If you don’t believe in the future of social commerce, this post isn’t for you. If you still think social could serve as an avenue for shopping transactions, the idea that China could take the reigns and lead the way to social commerce business models is an interesting one.
After all, China has come a long way in adopting e-commerce in just a few short years. Hamid Sirhan writes:
When I lived in China 2006/2007, it was nigh impossible to order physical goods online – trust in infrastructure was simply not yet there. The impressive growth in e-commerce sales indicates a greater trust in China’s postal network and e-commerce sites.
The issue of trust is important in marketing to Chinese consumers. Peer-to-peer recommendations have a more profound impact, as the McKinsey report says this is likely due to a distrust of formal institutions. Building networks of trusted influencers – not as a commodity but as groups of people who can and will trust your products and messages – will be crucial to online interaction with Chinese netizens.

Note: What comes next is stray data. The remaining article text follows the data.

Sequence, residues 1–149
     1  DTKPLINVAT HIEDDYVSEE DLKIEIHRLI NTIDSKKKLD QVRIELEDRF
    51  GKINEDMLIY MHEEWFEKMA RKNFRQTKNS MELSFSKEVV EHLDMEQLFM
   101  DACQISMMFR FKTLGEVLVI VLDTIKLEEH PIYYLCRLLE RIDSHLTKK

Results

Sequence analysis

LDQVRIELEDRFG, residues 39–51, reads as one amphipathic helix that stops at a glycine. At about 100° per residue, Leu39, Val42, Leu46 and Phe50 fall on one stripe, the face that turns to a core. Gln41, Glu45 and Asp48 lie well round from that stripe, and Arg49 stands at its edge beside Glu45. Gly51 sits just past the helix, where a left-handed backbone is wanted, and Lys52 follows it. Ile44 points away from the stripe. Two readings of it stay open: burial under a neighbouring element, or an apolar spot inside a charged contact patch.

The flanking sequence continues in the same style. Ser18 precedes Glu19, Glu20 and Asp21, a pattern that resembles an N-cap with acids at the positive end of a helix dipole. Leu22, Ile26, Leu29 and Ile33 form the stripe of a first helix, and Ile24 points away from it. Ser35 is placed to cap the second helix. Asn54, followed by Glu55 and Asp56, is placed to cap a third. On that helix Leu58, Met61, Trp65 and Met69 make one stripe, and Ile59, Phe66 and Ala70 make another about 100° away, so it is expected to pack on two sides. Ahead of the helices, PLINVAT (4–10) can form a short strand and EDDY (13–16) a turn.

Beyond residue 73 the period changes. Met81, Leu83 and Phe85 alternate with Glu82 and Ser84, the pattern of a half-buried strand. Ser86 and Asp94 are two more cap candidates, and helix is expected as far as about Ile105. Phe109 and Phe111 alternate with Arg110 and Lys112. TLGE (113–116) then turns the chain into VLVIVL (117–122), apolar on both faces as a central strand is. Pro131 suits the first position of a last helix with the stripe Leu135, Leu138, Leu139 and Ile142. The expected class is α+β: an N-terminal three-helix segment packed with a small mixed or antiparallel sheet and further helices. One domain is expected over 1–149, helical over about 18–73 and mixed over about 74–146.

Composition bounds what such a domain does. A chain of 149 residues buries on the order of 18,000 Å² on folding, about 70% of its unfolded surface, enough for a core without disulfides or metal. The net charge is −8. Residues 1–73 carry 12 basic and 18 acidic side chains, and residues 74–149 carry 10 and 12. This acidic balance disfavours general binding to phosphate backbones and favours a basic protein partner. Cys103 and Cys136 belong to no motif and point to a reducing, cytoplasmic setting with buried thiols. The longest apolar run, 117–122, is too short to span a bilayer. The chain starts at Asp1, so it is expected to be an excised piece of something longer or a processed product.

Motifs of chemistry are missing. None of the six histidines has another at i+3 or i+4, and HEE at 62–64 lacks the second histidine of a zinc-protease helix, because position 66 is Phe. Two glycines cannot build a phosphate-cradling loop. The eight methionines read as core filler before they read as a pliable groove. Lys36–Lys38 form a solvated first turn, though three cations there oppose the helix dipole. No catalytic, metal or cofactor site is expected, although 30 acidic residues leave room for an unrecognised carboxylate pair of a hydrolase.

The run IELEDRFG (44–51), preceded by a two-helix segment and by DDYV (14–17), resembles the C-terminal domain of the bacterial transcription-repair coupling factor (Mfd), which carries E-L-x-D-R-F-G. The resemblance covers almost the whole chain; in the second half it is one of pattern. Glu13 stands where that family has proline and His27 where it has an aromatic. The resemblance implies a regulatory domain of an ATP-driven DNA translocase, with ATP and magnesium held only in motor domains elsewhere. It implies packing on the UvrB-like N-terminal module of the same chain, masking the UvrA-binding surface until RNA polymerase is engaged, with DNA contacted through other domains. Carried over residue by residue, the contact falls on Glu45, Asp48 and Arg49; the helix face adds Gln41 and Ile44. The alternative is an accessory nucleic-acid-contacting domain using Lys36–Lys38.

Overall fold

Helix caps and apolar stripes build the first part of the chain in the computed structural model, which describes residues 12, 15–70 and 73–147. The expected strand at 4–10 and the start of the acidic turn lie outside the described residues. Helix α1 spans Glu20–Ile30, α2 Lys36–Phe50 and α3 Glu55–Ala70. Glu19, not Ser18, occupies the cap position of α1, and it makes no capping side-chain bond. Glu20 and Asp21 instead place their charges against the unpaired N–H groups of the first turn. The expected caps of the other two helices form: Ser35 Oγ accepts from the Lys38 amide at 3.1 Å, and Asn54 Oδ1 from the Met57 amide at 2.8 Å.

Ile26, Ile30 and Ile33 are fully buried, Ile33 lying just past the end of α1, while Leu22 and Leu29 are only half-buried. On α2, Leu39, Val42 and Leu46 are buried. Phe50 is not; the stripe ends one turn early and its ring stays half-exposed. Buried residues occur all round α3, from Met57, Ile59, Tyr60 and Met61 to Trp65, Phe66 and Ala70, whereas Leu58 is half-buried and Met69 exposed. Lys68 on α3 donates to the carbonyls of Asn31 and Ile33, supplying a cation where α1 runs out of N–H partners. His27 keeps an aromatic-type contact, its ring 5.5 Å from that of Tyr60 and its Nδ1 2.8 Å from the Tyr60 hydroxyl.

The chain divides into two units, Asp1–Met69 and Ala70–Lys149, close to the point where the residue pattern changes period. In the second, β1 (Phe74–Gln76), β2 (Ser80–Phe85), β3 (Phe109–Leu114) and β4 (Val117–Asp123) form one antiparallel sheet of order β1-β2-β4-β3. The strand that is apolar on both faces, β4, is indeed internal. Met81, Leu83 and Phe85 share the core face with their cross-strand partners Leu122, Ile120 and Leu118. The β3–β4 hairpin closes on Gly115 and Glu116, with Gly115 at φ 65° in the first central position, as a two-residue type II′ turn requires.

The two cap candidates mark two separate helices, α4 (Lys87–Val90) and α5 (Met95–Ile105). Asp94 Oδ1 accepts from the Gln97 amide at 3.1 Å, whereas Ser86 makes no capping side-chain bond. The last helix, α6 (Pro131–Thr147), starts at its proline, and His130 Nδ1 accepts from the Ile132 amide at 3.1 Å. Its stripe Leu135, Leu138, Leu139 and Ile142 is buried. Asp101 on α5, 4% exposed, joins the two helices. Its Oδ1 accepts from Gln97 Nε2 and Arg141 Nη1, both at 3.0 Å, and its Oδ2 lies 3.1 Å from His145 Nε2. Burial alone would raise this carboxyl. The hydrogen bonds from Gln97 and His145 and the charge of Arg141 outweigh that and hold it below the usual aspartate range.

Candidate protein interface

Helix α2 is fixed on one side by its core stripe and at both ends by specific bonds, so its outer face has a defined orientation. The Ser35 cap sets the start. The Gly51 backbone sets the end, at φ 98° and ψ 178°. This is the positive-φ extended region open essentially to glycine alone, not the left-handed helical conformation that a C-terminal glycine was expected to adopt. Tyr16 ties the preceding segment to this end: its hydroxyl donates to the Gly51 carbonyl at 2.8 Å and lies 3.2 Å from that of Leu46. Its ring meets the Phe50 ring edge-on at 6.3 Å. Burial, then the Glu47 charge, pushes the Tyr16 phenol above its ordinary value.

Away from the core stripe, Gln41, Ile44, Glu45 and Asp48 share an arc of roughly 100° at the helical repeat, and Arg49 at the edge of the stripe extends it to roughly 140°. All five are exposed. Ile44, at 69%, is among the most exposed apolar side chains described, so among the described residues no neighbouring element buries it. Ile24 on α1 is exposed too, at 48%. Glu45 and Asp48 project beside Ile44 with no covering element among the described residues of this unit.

Sirhan goes on to say that this environment is ripe for innovations in social commerce, and I agree. All this makes total sense, but I can’t help but wonder how/if the Chinese version of social commerce will translate immediately to the drastically different social landscape of the Western world.
Whatever the case, I’ve always maintained that someone will crack the social commerce code, and I’m not just talking about more special offers and 20% off discounts. I’m talking about an entirely new way to shop. A means for buying online that affects commerce the same way Zynga transformed the world of gaming and social media.